said that he wished me to marry the man I loved. And I shall marry Mr Lydgate. It is seven weeks now since papa gave his consent. And I hope we shall have Mrs Bretton's house."
"Well, my dear, I shall leave you to manage your papa. You always do manage everybody. But if we ever do go and get damask, Sadler's is the place—far better than Hopkins's. Mrs Bretton's is very large, though: I should love you to have such a house; but it will take a great deal of furniture—carpeting and everything, besides plate and glass. And you hear, your papa says he will give no money. Do you think Mr Lydgate expects it?"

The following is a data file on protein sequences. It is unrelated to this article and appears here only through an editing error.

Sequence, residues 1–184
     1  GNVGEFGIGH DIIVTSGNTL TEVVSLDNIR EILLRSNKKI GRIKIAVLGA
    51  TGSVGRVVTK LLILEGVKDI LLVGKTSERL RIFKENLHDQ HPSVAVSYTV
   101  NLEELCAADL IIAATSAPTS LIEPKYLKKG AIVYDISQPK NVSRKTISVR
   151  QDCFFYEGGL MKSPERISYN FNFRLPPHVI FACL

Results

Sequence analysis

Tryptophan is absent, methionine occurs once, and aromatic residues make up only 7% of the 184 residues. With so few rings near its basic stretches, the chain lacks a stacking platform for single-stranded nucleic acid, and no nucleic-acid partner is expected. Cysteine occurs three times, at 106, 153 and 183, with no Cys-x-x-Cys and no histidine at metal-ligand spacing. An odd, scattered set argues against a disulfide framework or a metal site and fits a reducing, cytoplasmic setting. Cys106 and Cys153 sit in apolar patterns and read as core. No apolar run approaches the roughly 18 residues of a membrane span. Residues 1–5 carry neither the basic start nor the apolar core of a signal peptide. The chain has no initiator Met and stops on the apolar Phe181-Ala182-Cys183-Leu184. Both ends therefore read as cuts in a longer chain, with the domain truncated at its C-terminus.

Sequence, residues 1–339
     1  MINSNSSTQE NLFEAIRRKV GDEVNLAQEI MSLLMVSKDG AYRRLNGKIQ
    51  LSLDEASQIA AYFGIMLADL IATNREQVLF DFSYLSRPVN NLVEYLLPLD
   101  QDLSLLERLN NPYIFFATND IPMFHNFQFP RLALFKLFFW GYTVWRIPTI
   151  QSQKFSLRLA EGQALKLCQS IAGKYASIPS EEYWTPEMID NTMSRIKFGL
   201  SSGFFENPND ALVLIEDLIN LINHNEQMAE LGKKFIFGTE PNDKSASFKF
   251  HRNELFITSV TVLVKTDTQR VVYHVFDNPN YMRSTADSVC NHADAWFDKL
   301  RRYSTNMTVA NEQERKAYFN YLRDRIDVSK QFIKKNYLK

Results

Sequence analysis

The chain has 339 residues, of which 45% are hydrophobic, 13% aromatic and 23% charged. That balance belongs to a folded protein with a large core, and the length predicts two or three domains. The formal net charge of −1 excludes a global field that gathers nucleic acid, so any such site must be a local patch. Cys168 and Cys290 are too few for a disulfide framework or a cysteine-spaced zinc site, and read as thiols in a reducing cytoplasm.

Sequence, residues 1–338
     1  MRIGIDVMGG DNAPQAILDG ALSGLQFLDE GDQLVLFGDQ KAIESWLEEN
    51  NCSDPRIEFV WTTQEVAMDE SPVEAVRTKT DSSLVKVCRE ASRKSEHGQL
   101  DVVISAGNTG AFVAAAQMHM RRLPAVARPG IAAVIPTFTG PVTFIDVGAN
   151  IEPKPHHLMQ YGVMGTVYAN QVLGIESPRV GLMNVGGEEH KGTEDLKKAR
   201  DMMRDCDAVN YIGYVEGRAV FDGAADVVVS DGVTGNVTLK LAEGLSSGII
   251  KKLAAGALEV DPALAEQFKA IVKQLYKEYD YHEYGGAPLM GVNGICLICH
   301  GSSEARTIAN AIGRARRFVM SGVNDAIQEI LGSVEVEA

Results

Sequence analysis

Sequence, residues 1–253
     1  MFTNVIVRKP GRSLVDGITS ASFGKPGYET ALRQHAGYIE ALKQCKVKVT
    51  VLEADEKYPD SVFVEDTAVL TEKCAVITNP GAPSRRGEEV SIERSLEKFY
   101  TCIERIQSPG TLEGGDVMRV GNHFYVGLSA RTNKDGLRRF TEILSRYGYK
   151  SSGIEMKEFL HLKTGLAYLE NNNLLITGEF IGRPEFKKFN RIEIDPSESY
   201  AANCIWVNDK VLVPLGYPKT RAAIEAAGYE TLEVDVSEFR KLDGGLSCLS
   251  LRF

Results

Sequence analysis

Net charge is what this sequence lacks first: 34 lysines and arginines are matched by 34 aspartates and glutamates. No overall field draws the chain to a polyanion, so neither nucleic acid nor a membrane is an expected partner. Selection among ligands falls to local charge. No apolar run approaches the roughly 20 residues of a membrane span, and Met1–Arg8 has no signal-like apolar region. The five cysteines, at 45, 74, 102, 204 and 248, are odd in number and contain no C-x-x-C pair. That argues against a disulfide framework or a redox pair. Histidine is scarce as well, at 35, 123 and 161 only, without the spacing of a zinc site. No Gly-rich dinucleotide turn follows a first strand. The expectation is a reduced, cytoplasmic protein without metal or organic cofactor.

"You cannot imagine that I should ask him, mamma. Of course he understands his own affairs."
"But he may have been looking for money, my dear, and we all thought of your having a pretty legacy as well as Fred;—and now everything is so dreadful—there's no pleasure in thinking of anything, with that poor boy disappointed as he is."
"That has nothing to do with my marriage, mamma. Fred must leave off being idle. I am going up-stairs to take this work to Miss Morgan: she does the open-hemming very well. Mary